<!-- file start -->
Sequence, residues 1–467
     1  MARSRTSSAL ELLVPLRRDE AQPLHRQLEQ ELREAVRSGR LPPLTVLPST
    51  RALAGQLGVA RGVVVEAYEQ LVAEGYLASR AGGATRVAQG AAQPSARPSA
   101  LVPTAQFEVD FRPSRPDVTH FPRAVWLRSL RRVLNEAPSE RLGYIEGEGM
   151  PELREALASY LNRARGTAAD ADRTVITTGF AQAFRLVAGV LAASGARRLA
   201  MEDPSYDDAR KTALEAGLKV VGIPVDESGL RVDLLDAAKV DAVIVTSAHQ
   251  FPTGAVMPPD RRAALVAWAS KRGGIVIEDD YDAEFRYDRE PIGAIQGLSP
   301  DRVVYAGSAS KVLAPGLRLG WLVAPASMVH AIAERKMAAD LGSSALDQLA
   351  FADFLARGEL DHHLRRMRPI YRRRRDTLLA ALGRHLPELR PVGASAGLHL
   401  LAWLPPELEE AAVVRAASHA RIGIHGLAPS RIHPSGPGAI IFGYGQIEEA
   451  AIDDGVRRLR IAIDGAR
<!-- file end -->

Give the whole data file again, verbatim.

Sequence, residues 1–467
     1  MARSRTSSAL ELLVPLRRDE AQPLHRQLEQ ELREAVRSGR LPPLTVLPST
    51  RALAGQLGVA RGVVVEAYEQ LVAEGYLASR AGGATRVAQG AAQPSARPSA
   101  LVPTAQFEVD FRPSRPDVTH FPRAVWLRSL RRVLNEAPSE RLGYIEGEGM
   151  PELREALASY LNRARGTAAD ADRTVITTGF AQAFRLVAGV LAASGARRLA
   201  MEDPSYDDAR KTALEAGLKV VGIPVDESGL RVDLLDAAKV DAVIVTSAHQ
   251  FPTGAVMPPD RRAALVAWAS KRGGIVIEDD YDAEFRYDRE PIGAIQGLSP
   301  DRVVYAGSAS KVLAPGLRLG WLVAPASMVH AIAERKMAAD LGSSALDQLA
   351  FADFLARGEL DHHLRRMRPI YRRRRDTLLA ALGRHLPELR PVGASAGLHL
   401  LAWLPPELEE AAVVRAASHA RIGIHGLAPS RIHPSGPGAI IFGYGQIEEA
   451  AIDDGVRRLR IAIDGAR